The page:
A crisis public relations consultant created a crisis of her own for the Broward school district, after a video came to light in which she dismissed the district’s critics in the Parkland massacre as “crazies” and called a reporter a “skanky” “jerk” who “smells bad.”
Sara Brady, who was paid nearly $75,000 to assist the district after the shooting at Marjory Stoneman Douglas High School, told an audience of public relations professionals last July that critics of the school district’s controversial Promise program, which allowed students who commit minor crimes to avoid jail, were “crazies.” The comments came during a speech Brady gave about crisis management for schools and focusing on how to preserve the school’s reputation by using various tactics to influence public opinion.
The 90 minute video, which was taken down from a now-deleted Vimeo account hosting videos of Brady’s work, was shot in July 2018 at the 18th Annual Public Relations Executives Meeting for the Council of the Great City Schools.
She criticized South Florida Sun Sentinel reporter Scott Travis, although she didn’t name him, as “a jerk,” and then she got more personal.
“He is sloppy, he’s reckless, he’s mean, and he smells bad,” she said, laughing along with the audience.
At the point, Broward school district spokeswoman Tracy Clark can be heard calling out, “Sour milk!” That provoked more laughter.
At another point in the video Brady describes him as “that nasty, skanky reporter.”
Her statement about “crazies” concerned what happened after a state commission concluded that the Promise program had not been a factor in the shooting. The district put out a tweet about that conclusion, prompting criticism from the district’s detractors.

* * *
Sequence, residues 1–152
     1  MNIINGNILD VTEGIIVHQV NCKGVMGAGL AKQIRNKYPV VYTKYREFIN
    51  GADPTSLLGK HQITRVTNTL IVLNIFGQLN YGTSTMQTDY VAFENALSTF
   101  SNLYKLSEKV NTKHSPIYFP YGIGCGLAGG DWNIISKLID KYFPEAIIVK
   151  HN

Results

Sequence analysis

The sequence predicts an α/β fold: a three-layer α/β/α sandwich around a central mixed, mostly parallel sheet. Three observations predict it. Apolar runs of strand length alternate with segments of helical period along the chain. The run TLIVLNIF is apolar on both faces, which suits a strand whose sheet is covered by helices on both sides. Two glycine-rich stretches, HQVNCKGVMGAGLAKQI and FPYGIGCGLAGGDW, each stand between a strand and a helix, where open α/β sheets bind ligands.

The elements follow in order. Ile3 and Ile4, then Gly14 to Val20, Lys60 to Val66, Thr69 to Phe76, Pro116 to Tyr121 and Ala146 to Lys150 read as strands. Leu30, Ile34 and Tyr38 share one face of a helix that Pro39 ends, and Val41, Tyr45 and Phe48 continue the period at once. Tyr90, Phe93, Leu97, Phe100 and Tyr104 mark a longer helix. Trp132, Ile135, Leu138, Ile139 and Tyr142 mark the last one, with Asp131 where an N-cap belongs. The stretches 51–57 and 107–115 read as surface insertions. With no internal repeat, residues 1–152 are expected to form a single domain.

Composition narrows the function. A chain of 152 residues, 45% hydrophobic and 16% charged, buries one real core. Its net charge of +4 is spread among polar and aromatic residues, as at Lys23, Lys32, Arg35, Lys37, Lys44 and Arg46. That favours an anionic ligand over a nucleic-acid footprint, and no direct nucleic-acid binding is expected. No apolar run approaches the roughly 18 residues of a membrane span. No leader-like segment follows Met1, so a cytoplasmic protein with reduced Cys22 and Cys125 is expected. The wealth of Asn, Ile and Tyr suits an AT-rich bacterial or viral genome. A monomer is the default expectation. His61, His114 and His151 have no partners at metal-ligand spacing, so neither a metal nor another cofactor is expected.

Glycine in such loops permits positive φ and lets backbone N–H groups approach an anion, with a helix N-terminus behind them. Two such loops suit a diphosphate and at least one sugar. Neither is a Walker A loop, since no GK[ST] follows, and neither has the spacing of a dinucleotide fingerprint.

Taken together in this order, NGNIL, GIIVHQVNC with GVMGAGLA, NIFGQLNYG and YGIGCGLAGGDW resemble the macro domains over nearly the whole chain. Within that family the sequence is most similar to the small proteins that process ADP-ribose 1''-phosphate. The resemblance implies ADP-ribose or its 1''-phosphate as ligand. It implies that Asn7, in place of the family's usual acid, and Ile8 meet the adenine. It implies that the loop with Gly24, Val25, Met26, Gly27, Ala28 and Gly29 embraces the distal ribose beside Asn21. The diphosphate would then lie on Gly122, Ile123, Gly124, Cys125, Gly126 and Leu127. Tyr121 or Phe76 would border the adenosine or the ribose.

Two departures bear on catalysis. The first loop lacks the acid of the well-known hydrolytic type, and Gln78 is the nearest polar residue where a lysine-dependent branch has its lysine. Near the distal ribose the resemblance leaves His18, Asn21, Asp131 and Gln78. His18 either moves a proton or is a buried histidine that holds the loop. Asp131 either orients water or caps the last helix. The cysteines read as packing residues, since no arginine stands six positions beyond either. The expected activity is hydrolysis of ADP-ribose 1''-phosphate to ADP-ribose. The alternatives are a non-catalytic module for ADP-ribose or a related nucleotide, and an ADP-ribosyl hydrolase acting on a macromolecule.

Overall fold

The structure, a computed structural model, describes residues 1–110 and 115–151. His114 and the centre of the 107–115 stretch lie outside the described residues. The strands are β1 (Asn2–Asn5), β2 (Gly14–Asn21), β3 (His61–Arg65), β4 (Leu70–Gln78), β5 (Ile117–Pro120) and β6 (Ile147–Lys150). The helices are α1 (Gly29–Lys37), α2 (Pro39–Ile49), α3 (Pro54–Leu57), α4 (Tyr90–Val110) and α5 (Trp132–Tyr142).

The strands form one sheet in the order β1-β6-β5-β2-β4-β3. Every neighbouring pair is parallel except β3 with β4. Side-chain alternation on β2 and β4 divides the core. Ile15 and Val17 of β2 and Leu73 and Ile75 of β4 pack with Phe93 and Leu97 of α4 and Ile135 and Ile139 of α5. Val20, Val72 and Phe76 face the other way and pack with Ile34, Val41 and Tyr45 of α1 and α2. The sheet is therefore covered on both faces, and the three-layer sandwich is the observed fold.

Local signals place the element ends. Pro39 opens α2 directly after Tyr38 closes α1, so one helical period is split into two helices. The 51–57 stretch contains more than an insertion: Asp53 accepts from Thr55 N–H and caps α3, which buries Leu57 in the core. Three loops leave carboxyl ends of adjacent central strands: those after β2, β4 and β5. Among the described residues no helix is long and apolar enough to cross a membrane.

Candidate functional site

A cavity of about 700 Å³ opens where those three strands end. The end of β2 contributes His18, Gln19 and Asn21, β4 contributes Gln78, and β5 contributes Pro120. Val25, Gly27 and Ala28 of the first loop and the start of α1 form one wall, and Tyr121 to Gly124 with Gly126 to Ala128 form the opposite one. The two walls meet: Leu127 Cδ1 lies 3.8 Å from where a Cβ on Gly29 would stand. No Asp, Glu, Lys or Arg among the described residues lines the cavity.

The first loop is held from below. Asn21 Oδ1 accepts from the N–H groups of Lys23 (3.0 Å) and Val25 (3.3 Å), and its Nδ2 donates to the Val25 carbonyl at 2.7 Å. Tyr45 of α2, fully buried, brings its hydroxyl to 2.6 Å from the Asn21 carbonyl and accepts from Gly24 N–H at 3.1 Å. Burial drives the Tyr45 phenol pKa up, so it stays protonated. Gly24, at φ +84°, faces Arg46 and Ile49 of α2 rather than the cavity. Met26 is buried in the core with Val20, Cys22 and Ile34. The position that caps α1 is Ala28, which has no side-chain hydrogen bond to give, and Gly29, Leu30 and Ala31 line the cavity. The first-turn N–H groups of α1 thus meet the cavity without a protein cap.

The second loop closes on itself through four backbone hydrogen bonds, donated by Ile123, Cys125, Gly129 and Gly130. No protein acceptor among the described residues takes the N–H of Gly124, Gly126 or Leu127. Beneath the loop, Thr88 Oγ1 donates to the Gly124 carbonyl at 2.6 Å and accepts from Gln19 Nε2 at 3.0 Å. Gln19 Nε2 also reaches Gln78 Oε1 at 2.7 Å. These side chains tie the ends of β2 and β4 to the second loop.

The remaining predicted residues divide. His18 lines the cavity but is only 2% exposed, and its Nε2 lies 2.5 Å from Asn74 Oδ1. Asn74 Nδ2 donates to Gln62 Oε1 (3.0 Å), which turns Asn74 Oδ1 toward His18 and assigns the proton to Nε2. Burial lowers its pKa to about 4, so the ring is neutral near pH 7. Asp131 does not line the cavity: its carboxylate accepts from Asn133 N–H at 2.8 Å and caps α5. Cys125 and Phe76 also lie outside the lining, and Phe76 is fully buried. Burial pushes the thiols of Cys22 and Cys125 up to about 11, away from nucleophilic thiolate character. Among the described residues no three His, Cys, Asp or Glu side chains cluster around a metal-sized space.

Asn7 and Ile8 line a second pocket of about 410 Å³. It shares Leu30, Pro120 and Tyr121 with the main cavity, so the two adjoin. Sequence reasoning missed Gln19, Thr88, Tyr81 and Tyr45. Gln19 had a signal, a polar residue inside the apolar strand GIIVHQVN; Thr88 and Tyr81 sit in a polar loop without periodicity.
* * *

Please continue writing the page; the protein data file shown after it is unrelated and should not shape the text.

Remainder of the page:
“And sure enough, all the crazies kind of came out,” Brady told an audience in California, in a video revealed by the South Florida Sun Sentinel in a recent story about the school district’s public relations damage control after the shooting. “The district knows who the crazies are and who the opposition is, and so certainly they seized on it and started putting stuff out there.”
The Promise program had been seized upon nationwide by conservative critics who were happy to lay part of the blame for the shooting on a program supported by President Obama. But the program had also been criticized by many family members of the victims in the massacre.
“Our leaders don’t care about Parkland families!” Hunter Pollack, whose sister Meadow was killed in the attack, said in a Twitter post that went viral. “Broward’s Superintendent and his PR person called grieving families “crazies,” “the opposition,” and call hardworking reporters “skanks” for exposing the truth. Retweet and expose them all!”
Brady, of Winter Park in suburban Orlando, apologized, saying her comments had not been aimed at the bereaved families.
“Mr. Pollack … my remarks were intended to poke at the media in general,” she wrote in response. “I offer my profound apology for my lapse in judgment and display of disrespect.”
“I probably went a little overboard in my comments about the reporter,” said Brady, a former police reporter at the Orlando Sentinel. “It’s just kind of shop talk. I acknowledge that.”
“My bigger concern is that anyone who lost a loved one thinks I was referring to them,” she said. “And I was not, in any way, shape or form.”
Broward school superintendent Robert Runcie, who watched the video the previous night, called Travis to apologize, saying said the comments were “inexcusable and don’t reflect the values of the district.”